I recently designed a PCB that contained a buck regulator (LM2576 5V). You can see the PCB layout in this question. After converting the input 12VDC to 5V, two linear regulators then bring that down to 3.3V (for a micro) and 4.1V (for a SIM800C GSM modem).
When the board is connected to other boards in the system (which contains a speaker), a loud GSM buzz is heard when the modem transmits. Bringing a mobile phone close to the speaker board also caused the buzz but it was much much quieter, which implied to me that the noise was being conducted through the cables, rather than being radiated.
In order to understand the noise, I did a simple conducted emissions test (using a spectrum analyzer and a Tekbox LISN). I captured the conducted emissions from 150kHz to 30Mhz (RBW 9kHz, step 5.4kHz dwell time 50ms) in a variety of different firmware configurations to try and understand where the problem originates from. Here are the scans:
Scan 1 with GSM modem transmitting as frequently as possible (roughly once every 750ms) The large spikes spread throughout the spectrum are usually ~300kHz apart (closer peaks are about 90kHz apart - not sure how to interpret that. Could be multiples of the 52kHz switching frequency.)
However, I then decided to solder a 4.7R power resistor to the output of the 4.1V regulator to simulate the GSM modem load continuously.
The overall noise jumps back up again to similar levels to the spikes that were present in the first trace with the GSM modem on. If I were to join the peaks of the spikes on Scan 1, I'd end up with a trace similar to Scan 3. This made me think that the problem may actually be the SMPS generating more noise at higher loads rather than it be noise caused by the GSM signal itself, and that the GSM noise was actually due to the modem demanding sudden bursts of power from the SMPS which was then working harder to provide that and generating lots of switching noise.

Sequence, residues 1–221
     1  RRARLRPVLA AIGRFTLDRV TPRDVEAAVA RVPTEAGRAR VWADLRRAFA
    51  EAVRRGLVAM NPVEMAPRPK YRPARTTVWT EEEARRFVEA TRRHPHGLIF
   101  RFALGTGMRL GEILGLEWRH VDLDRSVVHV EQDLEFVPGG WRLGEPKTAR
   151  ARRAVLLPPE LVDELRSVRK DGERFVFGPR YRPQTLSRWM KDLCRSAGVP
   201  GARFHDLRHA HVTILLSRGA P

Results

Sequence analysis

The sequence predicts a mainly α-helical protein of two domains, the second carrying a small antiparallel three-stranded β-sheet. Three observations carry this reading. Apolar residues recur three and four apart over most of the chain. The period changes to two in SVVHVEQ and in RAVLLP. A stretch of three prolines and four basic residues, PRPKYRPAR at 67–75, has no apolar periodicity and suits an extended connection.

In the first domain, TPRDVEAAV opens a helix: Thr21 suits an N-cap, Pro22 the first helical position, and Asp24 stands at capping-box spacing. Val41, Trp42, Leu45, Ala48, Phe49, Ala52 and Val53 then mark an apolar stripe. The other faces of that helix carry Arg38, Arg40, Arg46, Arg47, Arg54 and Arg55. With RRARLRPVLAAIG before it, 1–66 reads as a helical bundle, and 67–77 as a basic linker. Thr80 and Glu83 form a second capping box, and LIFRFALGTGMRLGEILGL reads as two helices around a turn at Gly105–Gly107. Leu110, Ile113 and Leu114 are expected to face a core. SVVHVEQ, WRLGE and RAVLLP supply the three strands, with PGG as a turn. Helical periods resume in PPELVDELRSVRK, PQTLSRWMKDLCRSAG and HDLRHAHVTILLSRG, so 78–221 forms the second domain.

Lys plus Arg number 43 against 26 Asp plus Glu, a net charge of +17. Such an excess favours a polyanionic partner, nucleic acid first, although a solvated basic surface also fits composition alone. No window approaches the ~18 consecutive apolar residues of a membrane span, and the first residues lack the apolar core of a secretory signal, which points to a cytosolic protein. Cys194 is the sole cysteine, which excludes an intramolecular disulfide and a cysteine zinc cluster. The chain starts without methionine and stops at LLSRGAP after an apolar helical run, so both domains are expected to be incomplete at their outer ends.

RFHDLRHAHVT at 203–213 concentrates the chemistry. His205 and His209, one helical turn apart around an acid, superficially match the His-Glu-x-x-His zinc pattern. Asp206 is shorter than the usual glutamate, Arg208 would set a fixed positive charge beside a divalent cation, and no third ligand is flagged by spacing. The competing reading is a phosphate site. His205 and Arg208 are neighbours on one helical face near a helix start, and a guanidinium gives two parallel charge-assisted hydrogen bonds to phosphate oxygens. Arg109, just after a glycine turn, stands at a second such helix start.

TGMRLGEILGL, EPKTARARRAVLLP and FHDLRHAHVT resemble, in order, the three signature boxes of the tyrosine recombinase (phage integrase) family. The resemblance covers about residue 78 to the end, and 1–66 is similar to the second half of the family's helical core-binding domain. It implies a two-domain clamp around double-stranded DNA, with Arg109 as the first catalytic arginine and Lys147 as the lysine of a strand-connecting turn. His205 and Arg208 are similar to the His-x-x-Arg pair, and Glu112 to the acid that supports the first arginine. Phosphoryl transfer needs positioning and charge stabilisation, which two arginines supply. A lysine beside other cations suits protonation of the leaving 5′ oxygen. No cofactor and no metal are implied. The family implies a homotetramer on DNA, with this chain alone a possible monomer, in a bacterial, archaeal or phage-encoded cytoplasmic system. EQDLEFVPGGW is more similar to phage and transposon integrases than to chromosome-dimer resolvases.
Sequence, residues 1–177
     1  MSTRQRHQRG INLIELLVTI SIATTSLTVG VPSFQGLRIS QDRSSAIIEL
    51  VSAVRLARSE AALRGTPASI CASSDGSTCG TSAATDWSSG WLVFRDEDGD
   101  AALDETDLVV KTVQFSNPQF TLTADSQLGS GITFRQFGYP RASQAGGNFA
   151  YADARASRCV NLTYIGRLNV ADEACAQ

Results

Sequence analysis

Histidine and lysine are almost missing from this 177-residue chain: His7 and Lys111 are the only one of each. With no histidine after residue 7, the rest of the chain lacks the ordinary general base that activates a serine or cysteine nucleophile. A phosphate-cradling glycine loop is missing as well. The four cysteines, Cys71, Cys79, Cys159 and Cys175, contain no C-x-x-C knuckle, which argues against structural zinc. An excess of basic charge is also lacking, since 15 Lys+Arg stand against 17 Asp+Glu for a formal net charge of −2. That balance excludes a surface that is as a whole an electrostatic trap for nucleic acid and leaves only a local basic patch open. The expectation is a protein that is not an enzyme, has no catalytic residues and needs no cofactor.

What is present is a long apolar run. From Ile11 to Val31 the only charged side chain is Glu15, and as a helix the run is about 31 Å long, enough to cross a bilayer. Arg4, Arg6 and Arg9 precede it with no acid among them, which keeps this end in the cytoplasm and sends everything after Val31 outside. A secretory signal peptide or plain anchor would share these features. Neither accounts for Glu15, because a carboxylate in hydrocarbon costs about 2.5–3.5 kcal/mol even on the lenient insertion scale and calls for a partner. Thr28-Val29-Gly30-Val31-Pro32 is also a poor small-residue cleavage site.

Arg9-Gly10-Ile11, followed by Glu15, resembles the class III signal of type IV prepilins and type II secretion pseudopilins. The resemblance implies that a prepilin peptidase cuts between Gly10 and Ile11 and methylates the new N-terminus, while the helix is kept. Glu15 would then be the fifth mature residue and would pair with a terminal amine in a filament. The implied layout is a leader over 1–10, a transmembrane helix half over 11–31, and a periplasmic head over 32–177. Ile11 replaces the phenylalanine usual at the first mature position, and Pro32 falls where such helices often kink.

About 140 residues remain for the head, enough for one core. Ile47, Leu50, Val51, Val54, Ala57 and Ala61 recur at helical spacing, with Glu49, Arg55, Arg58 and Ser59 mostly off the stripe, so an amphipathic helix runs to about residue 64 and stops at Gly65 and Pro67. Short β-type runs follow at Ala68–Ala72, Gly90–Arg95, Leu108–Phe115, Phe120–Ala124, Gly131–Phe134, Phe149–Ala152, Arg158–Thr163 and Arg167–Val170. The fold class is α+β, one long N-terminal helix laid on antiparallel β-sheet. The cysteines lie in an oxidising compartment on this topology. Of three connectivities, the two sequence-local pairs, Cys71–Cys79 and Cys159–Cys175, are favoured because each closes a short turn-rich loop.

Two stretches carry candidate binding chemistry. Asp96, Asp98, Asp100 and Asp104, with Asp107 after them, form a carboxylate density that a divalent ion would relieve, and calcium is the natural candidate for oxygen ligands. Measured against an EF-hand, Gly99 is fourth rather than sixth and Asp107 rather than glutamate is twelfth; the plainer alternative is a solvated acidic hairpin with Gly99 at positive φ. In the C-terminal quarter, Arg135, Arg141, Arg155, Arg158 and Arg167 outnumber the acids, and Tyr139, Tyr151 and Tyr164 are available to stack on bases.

If this is true, it surprises me for the following reasons:
- I tried to follow the recommended layout for the LM2576 as specified in the datasheet to minimize switching noise.
- The 4.1V regulator has both large and small value capacitors on the input and output, which I would have thought should be sufficient to smooth out the current requirements of the GSM modem.
- The GSM modem has 100uF tantalum, 1uF, 33pF and 10pF caps positioned close to the power supply pins, as recommended in the datasheet, which should handle the high current requirements of the modem.
- Although there are layout issues with the board (especially underneath the micro in the center), the power supply traces seem OK in terms of current loops (see the layout here).
The LM2576 datasheet makes no mention of any sort of input filter before the SMPS (only output filters).
So the questions I'm asking are the following:
- Is my analysis of the source of this EMC problem correct? (SMPS generating input noise due to high load).
- Are input filters always necessary in order to reduce SMPS switching noise, or can this problem be solved just by improving the PCB layout? If so, where are the layout problems that are causing this issue?